So how can we do this? How do we connect a line level to a mic level input? We have to reduce the line level down to mic level. The technical word for this is to attenuate the signal. As an amplifier amplifies, or boosts the signal; an attenuator attenuates, or reduces the signal.
You can buy attenuators at a music shop, they are called DI boxes. DI stands for Direct Injection, meaning you can directly inject a line level into the mic input without any problems. It is also possible to make an attenuator, possibly with variable attenuation, to cope with different levels. It is also possible to buy or build a fixed attenuator in a cable. This is a cable with resistors built-in to the plugs to attenuate the line level down to mic level – this is very useful for a video camera or portable digital recorder.
Audio Level Summary
There are three main audio signal levels: mic level (millivolts), line level (around 1 volt) and speaker level (around 10 volts or more). The rule is, only plug speakers into the speaker socket of an amplifier; only line level into the line in of any equipment; and only mic level in the mic input of your mixer, camera or laptop. The most common cause of audio distortion comes from not understanding the different levels, and how to connect them all together.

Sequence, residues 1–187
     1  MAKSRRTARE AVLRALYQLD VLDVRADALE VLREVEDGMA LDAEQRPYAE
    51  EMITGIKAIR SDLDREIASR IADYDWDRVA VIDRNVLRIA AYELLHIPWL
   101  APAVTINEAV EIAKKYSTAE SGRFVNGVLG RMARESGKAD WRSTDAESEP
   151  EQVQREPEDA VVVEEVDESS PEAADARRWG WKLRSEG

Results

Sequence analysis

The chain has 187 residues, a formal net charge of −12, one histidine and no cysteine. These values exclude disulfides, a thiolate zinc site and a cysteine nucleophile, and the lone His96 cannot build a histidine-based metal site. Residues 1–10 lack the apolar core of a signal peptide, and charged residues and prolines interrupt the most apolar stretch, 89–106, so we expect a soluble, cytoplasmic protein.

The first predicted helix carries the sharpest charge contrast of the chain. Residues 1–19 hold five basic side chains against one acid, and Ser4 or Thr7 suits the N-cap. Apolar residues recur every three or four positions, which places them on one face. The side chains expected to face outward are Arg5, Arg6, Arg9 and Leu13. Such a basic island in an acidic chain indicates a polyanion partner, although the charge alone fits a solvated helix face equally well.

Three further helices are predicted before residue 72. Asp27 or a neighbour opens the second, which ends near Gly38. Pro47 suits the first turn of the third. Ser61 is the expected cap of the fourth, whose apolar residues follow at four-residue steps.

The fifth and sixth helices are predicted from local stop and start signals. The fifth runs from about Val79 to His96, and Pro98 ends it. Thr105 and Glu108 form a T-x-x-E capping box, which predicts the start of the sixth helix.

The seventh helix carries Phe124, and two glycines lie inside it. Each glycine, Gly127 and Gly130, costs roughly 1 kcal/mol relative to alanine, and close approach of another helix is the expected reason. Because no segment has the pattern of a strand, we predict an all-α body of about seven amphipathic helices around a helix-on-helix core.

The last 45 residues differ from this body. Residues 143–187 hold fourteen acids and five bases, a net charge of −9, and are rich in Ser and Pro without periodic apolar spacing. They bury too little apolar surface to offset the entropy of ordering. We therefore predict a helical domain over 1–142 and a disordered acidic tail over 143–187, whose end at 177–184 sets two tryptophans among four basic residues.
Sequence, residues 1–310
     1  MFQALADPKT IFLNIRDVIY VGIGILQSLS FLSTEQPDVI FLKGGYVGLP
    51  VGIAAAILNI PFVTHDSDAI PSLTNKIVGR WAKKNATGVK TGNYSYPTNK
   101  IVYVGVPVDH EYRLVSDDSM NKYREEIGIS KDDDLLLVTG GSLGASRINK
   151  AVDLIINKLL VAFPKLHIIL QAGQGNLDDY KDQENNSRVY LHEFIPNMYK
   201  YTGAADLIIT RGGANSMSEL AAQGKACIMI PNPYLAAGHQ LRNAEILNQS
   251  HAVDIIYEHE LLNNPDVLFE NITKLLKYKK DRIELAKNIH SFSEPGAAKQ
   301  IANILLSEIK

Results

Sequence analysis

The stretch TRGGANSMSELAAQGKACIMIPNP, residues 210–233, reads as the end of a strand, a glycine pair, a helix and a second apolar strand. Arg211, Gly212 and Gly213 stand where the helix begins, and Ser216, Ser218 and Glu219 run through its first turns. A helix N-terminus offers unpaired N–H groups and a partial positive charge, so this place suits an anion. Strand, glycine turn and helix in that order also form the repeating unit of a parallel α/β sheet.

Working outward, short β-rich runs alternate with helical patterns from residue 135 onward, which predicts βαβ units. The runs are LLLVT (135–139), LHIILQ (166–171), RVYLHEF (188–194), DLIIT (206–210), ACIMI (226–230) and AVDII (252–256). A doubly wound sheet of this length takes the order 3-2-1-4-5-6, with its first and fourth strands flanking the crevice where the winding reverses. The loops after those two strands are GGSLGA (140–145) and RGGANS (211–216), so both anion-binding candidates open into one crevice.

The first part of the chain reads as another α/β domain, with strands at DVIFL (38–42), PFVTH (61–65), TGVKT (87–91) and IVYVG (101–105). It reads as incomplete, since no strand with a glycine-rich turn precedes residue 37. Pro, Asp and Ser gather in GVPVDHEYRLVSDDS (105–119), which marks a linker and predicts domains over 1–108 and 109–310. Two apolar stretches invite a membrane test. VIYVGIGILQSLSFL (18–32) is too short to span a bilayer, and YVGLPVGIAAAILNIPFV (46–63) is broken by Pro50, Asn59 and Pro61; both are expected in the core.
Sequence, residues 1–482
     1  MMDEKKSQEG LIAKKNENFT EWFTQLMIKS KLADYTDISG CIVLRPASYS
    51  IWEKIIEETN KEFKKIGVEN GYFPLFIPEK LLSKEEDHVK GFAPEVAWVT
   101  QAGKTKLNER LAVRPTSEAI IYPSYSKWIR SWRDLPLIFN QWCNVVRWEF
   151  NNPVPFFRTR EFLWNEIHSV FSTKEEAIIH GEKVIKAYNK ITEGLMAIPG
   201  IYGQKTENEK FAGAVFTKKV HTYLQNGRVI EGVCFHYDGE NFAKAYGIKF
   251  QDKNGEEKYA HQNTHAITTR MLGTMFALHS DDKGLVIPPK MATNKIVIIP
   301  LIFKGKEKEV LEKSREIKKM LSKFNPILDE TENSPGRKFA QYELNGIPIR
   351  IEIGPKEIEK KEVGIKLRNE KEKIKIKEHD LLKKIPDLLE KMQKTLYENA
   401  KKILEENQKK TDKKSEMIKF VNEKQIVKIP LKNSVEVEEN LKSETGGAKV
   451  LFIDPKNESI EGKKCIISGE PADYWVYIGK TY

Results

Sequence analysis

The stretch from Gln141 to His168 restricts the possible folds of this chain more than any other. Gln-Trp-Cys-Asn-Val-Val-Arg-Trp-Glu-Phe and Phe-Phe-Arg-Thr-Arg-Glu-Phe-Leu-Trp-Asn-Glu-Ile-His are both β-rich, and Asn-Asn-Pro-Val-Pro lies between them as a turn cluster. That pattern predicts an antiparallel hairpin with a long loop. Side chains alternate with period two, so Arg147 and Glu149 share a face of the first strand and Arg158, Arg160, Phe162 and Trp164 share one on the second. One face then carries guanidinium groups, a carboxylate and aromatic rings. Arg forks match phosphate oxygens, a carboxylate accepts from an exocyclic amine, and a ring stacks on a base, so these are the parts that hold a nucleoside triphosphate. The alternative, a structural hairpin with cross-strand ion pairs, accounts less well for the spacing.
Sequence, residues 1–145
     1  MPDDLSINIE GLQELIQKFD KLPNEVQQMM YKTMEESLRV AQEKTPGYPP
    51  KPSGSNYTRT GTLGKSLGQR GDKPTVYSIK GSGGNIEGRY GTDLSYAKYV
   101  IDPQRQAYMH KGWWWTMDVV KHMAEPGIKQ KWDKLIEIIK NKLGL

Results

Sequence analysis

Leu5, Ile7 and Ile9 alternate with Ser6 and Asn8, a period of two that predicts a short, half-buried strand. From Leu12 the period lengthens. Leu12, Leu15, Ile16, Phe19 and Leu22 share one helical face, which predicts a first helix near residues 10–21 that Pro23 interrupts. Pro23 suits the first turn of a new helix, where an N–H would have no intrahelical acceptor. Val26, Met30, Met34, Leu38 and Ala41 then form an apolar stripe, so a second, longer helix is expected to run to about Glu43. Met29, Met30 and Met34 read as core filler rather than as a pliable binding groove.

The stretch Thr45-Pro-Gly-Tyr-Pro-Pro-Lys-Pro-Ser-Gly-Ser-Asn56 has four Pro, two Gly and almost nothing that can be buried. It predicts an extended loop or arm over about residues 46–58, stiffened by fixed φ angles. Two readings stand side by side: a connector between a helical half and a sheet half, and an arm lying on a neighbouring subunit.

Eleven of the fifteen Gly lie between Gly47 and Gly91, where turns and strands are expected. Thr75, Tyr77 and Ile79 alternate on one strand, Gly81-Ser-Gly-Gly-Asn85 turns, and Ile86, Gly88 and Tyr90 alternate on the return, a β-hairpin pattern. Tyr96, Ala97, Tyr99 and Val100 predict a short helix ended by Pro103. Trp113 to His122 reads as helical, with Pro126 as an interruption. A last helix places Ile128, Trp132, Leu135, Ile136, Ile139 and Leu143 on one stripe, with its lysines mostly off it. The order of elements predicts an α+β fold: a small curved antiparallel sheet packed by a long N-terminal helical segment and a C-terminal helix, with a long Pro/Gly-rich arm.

Practical Example 1
Scenario: A keyboard (electric piano) located on the stage needs to connect to a mixer located at the back of the hall, with a microphone multi-core cable connecting between the two.
Issue: The output of the keyboard is at line level, and the microphone input at the mixer requires mic level. (There is also the issue of different plugs and balanced/unbalanced inputs but these are the topics of other articles).
Solution: Use a basic DI box available from most music or electronic stores. A DI box acts as an attenuator which reduces the line level of the keyboard to mic level for direct connection to the mixer (via the multi-core cable). The DI box also overcomes the issues of matching plugs and going from unbalanced to balanced – so this is a perfect solution. This solution also works for connecting electric guitars, electronic drums and DVD players.
Scenario: The output (line level) of an audio mixer needs to connect to a digital camera or digital recorder which only has a microphone input.
Issue: The output of the mixer is at line level, and the microphone input of the camera/recorder requires mic level.
Solution: A basic DI box could be used, but this would require an input lead, and output lead and the DI box – a lot to carry in your camera bag. A neater solution is to have a lead with a 40dB attenuator built into it. This will reduce the line level from the mixer by a factor of 100, which will bring the line level down to a reasonable mic level to connect directly to the microphone socket of the camera/recorder.
pdf document for print: understanding-Audio-levels
All comes from Geoff the Grey Greek, thanks to him